Aspects of the subject technology solve the foregoing problem by repeating the first stage and the second stage, wherein in the first iteration, coarse cells of the geographic area are created and the visibility of each of the coarse cells is roughly determined based on the camera information associated with the images and not on any of the structures. The images of the structures used for the coarse cells may be low-resolution images. After the first iteration, 3D points of the structures in the area are generated. In the second iteration, fine cells of the geographic area are generated. In contrast to the low-resolution images used for the coarse cells, the images of the structures used for the fine cells may be high-resolution images. The visibility of each of the fine cells can be more accurately determined by using not only the camera information associated with the high-resolution images, but also the 3D points of the structures generated from the first iteration. With the 3D points of the structures, it can be determined if any of the structures are obstructing the visibility of any particular fine cell. Because only an approximate 3D model of the structures is needed to make such a determination, low-resolution images may be used for the coarse cells rather than high-resolution images. The use of the low-resolution images allows the first iteration to be implemented more quickly.

According to certain aspects, more than one system, such as system 100, may be used to implement the four-stage process (including the repetition of the first and second stages) for different parts of the geographic area to reduce the total amount of time needed to generate the depthmaps. As discussed above, as many as several hundred thousands of images of a geographic area, such as a city, can be acquired. Multiple systems, as many as two thousand different systems, may be used in parallel to process the images to generate the depthmaps. However, a greater number or a fewer number of systems may be used depending on the desired time to generate the depthmaps, the number of images acquired, the hardware associated with each of the systems, etc. Each of the multiple systems may implement the four-stage process for a different part of the geographic area to generate one or more depthmaps associated with a corresponding part.

FIG. 2 illustrates an example of method 200 for generating a depthmap for images of one or more structures in a geographic area, in accordance with various aspects of the subject technology. Method 200 incorporates the 4-stage process discussed above, along with the repetition of the first stage and the second stage. Steps S202 and S204 correspond to the first stage and the second stage, respectively, of the first iteration. Steps S206 and S208 correspond to the first stage and the second stage, respectively, of the second iteration. Step S210 corresponds to the third stage. Steps S212 and S214 correspond to the fourth stage.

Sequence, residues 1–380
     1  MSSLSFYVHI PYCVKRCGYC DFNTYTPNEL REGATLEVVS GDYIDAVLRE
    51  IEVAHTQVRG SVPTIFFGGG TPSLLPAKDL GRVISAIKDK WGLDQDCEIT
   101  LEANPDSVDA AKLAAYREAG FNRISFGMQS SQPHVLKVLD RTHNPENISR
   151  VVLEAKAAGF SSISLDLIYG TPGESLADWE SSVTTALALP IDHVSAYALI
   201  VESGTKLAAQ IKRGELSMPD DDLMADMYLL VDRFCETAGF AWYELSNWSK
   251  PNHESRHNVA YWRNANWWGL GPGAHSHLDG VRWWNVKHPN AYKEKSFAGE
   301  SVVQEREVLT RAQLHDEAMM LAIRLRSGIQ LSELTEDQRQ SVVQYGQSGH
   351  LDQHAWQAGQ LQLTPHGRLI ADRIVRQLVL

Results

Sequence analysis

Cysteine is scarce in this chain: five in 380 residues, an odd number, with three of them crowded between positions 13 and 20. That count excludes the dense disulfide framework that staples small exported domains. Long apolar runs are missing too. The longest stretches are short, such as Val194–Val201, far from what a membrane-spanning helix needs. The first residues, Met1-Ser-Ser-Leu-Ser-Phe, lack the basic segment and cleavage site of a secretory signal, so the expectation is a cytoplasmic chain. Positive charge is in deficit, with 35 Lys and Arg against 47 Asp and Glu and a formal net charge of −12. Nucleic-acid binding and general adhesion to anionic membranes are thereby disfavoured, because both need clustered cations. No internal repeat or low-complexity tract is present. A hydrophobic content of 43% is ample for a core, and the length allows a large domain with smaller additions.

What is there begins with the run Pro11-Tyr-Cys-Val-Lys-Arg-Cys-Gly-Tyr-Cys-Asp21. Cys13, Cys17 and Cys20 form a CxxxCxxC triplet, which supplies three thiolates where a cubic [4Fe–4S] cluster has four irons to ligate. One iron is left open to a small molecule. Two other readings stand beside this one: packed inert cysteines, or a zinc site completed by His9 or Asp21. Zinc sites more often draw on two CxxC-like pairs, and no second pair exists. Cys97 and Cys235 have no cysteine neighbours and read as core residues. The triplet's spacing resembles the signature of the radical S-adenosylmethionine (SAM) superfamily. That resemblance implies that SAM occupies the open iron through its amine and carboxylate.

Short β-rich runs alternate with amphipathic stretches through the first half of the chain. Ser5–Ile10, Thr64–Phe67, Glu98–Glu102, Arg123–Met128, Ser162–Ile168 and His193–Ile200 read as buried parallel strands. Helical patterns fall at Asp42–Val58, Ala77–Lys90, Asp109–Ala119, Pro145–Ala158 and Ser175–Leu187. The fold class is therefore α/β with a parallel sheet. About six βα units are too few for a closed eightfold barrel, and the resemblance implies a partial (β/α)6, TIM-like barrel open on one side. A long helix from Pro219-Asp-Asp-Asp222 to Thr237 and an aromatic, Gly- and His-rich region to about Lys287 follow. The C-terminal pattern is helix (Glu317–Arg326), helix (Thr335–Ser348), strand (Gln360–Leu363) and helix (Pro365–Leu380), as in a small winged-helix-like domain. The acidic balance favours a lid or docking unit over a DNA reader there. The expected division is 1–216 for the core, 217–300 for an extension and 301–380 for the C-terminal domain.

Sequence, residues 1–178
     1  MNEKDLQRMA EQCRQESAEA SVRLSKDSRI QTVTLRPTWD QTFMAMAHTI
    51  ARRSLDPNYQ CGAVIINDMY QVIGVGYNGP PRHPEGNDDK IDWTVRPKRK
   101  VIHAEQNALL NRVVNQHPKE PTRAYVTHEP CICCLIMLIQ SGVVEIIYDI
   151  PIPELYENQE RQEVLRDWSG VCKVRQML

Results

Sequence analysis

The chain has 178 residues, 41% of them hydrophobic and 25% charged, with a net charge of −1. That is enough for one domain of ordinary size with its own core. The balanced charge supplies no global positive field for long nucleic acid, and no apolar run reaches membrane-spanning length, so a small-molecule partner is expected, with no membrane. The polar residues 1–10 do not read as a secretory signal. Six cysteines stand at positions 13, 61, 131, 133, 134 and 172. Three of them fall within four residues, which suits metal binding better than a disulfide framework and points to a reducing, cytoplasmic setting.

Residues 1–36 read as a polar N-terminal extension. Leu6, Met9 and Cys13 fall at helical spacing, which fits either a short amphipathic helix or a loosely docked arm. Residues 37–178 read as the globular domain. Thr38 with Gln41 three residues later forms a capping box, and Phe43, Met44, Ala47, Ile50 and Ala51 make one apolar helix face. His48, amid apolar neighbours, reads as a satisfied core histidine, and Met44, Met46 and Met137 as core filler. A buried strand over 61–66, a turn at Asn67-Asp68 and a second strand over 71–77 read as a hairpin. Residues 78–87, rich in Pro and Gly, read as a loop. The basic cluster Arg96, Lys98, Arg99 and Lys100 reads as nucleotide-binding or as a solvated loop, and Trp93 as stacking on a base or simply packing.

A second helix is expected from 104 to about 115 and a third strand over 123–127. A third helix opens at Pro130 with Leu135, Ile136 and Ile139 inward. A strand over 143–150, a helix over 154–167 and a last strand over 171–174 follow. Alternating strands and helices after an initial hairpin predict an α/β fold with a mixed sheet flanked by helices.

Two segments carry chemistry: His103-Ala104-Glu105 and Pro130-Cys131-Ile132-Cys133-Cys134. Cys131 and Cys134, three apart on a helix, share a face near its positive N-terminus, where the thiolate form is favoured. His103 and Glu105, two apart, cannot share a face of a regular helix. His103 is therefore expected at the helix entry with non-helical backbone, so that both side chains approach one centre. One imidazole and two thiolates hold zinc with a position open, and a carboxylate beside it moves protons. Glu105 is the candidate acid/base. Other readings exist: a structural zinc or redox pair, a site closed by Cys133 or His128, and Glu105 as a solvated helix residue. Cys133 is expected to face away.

In an initialization step at the “Start” of method 200, cluster module 102 may receive a plurality of high-resolution images (e.g., at least 25 megapixel images) of the structures in the geographic area. However, a greater resolution or a lower resolution (compared to 25 megapixels) may be used depending on the desired quality of the depthmap to be generated. The plurality of high-resolution images may be obtained by using the various methods described above. Preferably, these images are oblique images. Cluster module 102 may also generate a low-resolution image based on a corresponding one of the plurality of high-resolution images (e.g., by down sampling the high-resolution images or using other suitable techniques to lower the resolution of the high-resolution images). For example, a low-resolution image may have 1/16th the resolution of a corresponding high-resolution image.

According to step S202, cluster module 102 divides the geographic area into a plurality of coarse cells, wherein each of the plurality of coarse cells is visible in no more than a first threshold number of the plurality of low-resolution images. In some aspects, each of the plurality of coarse cells may also include the space above and/or below each respective coarse cell. FIG. 3 illustrates an example of generating a coarse cell 14, in accordance with various aspects of the subject technology. As shown, geographic area 10 is initially divided into various portions (e.g., portions 12a and 12b), which may also include the space above and/or below each respective portion. In some aspects, these portions may be equally sized, and may serve as an initial frame of reference for determining which of the plurality of low-resolution images corresponds to a given portion of geographic area 10. As shown, cameras C1, C2, C3, and C6 may each obtain a high-resolution image of portion 12a, while cameras C1, C4, C5, and C6 may each obtain a high-resolution image of portion 12b. These high-resolution images may be converted into corresponding low-resolution images as discussed above. Each of the cameras may represent a respective image (either high-resolution or low-resolution) of the portions of area 10. As discussed above, each of these images may comprise metadata that includes a visible surface region estimate of geographic area 10. The visible surface region estimate may comprise latitude and longitude information of geographic area 10. For example, the visible surface region estimate may comprise a rectangle with sides defined by latitude and longitude coordinates. This rectangle may be projected onto the surface of the Earth and correspond to what is viewable by a particular camera.